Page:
People who are cured of hepatitis C have a much lower likelihood of developing liver cancer, but their risk does not fall to zero. The incidence of liver cancer declines over time after successful treatment, but some people remain at risk and can benefit from screening, researchers reported at the American Association for the Study of Liver Diseases (AASLD) Liver Meeting.

Over years or decades, hepatitis C virus (HCV) can lead to serious complications, including liver fibrosis, cirrhosis and hepatocellular carcinoma (HCC), the most common type of liver cancer. HCC is often detected at a late stage and is difficult to treat, making it a leading cause of cancer-related death worldwide. AASLD guidelines recommend that people with cirrhosis should undergo regular surveillance to detect liver cancer at an early stage, but screening for patients without cirrhosis remains controversial.

Liver Cancer After a Cure

Naveed Janjua, MBBS, DrPH, of the British Columbia Centre for Disease Control, and colleagues explored the impact of sustained virological response (SVR) to direct-acting antiviral (DAA) treatment on HCC risk among people with and without cirrhosis. SVR, or continued undetectable HCV viral load after completion of treatment, is considered a cure.

The researchers analyzed data from the British Columbia Hepatitis Testers Cohort, which includes approximately 1.5 million people tested for HCV or HIV, and cases of hepatitis B or C, HIV or tuberculosis reported to the public health system since 1990.

A total of 10,118 people treated with DAA therapy were matched with an equal number of people with hepatitis C who did not receive treatment. Of those treated, 97% achieved SVR. The participants were followed for a median of about 1.8 years.

The HCC incidence rate was 5.7 cases per 1,000 person-years among people who achieved SVR, compared with 58.6 cases among people who were treated but not cured and 12.7 cases among untreated people. In all three groups, liver cancer incidence was higher for people who had progressed to cirrhosis (20.5, 187.2 and 53.5 cases per 1,000 person-years, respectively).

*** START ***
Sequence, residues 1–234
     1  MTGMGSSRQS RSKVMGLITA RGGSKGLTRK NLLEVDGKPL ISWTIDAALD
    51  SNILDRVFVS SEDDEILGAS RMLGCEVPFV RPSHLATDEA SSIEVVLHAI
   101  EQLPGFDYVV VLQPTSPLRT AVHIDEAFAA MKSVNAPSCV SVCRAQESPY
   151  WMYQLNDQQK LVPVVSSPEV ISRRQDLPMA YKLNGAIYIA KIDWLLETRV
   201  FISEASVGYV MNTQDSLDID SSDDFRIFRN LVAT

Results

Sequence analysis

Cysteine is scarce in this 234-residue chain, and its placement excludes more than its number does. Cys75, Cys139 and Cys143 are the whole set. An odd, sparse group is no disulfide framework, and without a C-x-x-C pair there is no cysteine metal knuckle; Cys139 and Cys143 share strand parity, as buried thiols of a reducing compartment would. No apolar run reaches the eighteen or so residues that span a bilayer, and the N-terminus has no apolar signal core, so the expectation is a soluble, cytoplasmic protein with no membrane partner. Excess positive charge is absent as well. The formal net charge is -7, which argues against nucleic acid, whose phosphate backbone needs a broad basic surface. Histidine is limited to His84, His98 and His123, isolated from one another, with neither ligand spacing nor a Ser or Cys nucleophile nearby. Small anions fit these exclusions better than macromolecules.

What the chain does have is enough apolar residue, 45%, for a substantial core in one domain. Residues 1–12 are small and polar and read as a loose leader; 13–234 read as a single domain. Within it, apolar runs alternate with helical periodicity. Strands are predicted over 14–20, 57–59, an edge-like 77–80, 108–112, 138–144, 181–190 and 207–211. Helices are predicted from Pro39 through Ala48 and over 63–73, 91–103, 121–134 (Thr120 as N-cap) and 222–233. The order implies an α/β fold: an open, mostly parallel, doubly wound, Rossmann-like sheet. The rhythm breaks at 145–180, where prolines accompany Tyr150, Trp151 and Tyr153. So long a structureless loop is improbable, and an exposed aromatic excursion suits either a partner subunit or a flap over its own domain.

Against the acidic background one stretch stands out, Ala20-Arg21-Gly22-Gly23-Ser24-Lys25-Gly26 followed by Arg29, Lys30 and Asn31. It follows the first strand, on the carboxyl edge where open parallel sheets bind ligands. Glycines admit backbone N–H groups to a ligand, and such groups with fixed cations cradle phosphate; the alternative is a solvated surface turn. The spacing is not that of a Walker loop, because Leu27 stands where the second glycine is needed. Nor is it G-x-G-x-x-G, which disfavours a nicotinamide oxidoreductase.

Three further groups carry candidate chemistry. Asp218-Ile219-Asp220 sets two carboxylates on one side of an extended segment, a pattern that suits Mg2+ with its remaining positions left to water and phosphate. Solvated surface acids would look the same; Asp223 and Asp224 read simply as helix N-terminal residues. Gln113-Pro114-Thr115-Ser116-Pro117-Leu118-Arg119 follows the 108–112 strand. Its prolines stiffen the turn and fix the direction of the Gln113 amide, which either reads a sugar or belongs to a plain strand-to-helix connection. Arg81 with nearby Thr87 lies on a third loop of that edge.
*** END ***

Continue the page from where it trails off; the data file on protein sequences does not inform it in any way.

In a multivariate analysis, SVR was associated with a substantial reduction in HCC risk compared with the untreated group, and this effect was stronger among people who did not have cirrhosis at the time of treatment. Older age was also associated with a higher risk for liver cancer following SVR.

“These results highlight the continued need for early treatment [to] realize the fuller benefits of DAA treatment to prevent development of advanced stage liver disease,” the researchers concluded.

HCC Risk Falls Over Time

Most studies to date have looked at the development of liver cancer over a fairly short time period after hepatitis C treatment. Philip Vuiten, MD, of the University of Washington Medical Center in Seattle, and colleagues asked whether HCC risk declines over time after achieving SVR. If this is the case, people who are successfully treated may eventually have a low enough risk that the costs and harms of screening exceed the benefits, Vuiten suggested.

This analysis included 75,965 people with hepatitis C managed by the Veterans Affairs health care system who had achieved SVR and were still alive, had not undergone liver transplantation and had not developed HCC prior to January 2018. They were followed through the end of 2019. Almost all were men, and the average age was approximately 65 years. Just over a quarter had cirrhosis. People who were cured more than six years ago were more likely to have HCV genotypes 2 or 3, which are easier to treat.